Scientists don’t know how many coronavirus particles it takes to make someone sick, but experience with other viral diseases suggests the dose matters. Therefore, Allen says, it’s important to dilute the concentration in a given space. That can be done simply by opening windows. Several studies have shown that increasing ventilation by opening windows reduces the spread of disease in general.
Employers should install high-grade filters (with a rating of MERV 13 or better) in their heating, ventilation, and air conditioning (HVAC) systems, Allen says. “It doesn’t really cost all that much to upgrade your filter to a higher grade,” he points out. It’s not entirely clear how effective this can be, however.
“Filtration in building heating, ventilation, and air conditioning (HVAC) systems can be a part of an overall risk mitigation approach but is not generally regarded as a solution by itself,” states the National Air Filtration Association, a nonprofit that represents the industry. “There is no direct scientific evidence of benefit, but some reduced exposure can reasonably be inferred based on the ability of some filters to remove particles that contain a SARS-CoV-2 virus.”
Portable air purifiers, though not cheap, can also reduce risk, Allen says. High-quality air purifiers, including those with HEPA filters, can indeed remove germs from the environment, and experts think this is true for the coronavirus, according to Consumer Reports.
Reduce density and don’t mask the realities
Today’s open office plans, with desks crowded next to each other and cubicle walls removed, present unique challenges amid a viral pandemic. But the challenges can be overcome, Allen says.
First, as more and more workers return, businesses should consider creating separate shifts, or alternate work days, so fewer people are in the office at a given time. Conference rooms should be closed.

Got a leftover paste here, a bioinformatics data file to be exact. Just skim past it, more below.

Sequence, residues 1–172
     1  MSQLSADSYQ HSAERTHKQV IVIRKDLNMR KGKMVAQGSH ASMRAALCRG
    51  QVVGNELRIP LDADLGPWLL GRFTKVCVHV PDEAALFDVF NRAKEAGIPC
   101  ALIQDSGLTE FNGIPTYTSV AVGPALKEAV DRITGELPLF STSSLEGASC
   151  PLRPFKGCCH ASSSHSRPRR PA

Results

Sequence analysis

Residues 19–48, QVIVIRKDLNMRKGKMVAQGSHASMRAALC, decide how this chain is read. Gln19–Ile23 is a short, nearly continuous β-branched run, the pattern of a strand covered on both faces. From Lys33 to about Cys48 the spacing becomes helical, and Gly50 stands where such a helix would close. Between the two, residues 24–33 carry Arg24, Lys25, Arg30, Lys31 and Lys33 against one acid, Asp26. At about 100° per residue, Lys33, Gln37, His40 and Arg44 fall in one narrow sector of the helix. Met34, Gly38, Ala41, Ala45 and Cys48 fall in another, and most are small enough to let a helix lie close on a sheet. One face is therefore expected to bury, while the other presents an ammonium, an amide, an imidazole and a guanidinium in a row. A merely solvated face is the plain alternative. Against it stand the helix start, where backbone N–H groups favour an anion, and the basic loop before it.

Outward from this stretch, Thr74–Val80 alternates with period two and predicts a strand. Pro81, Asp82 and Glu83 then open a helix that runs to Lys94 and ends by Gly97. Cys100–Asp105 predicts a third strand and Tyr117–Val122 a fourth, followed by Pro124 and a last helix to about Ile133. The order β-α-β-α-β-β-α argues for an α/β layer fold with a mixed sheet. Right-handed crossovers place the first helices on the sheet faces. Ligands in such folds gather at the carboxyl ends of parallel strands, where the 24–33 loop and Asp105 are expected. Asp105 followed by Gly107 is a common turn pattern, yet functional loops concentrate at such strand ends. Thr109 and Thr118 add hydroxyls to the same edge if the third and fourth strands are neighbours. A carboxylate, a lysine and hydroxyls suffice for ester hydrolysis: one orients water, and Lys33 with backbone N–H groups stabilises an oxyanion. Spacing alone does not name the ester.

There are ways to improve physical distancing that employees can implement, too. If your desk faces another, try moving them to create an offset angle so respiratory droplets and aerosols are directed into walls or open aisles instead of directly at each other.
Some businesses are considering the installation of plexiglass barriers between office workstations, and even a possible return to the once outdated cubicle.
Somewhat surprisingly, the least effective measure, in the grand scheme of protecting most workers outside of health care professionals and first responders, is wearing a mask or other personal protective equipment (PPE), Allen and other experts say.
Do it, they advise, but just know that it comes after all the priorities above in terms of effectiveness. “There’s a role for PPE, for sure,” he says. But he’s concerned employers will consider PPE the best or only defense. “You don’t give someone a mask and say ‘Well, our responsibilities are done.’”
Whether employees are encouraged or required to wear face masks will come down to state and local health department guidelines or individual company decisions. There’s no “law of the land” on this. “If public health professionals recommend widespread use of PPE, such as masks, it will require clarity as to what is needed and who is responsible for providing such equipment, especially if shortages persist,” Suzanne Clark, president of the U.S. Chamber of Commerce, said in a letter to members last month. If face masks are to be relied on, people need to know how to wear them properly.
Allen advises masks especially in areas where employees gather, and particularly in elevators.
New York City’s Health Department, which knows a thing or two about elevators, suggests the buttons be sanitized regularly, and everyone should maintain the six-foot separation rule, in line and inside the elevator. Yes, that means a potentially long wait or, as the city suggests, taking the stairs.
OSHA also advises companies to provide hand sanitizer and additional tissue boxes and trash receptacles, to actively promote proper hygiene, and to encourage sick employees to stay home. The agency provides more in-depth advice based on exposure risks that differ by job type, such as controlling the number of customers in a retail store or providing gloves and eye protection to employees in high-risk jobs.
Allen stresses that none of these measures will make sense if we don’t first have wide-scale testing to know when people are infected or if they might be immune, and widespread contact tracing to notify people who might have contracted the disease. And, he says, nothing will eliminate all the risk as decisions are made to get the economy rolling again.
“There’s no such thing as zero risk,” he says. “The goal here is to minimize risk.”
Article originally published on Medium/Elemental Written by: Robert Roy Britt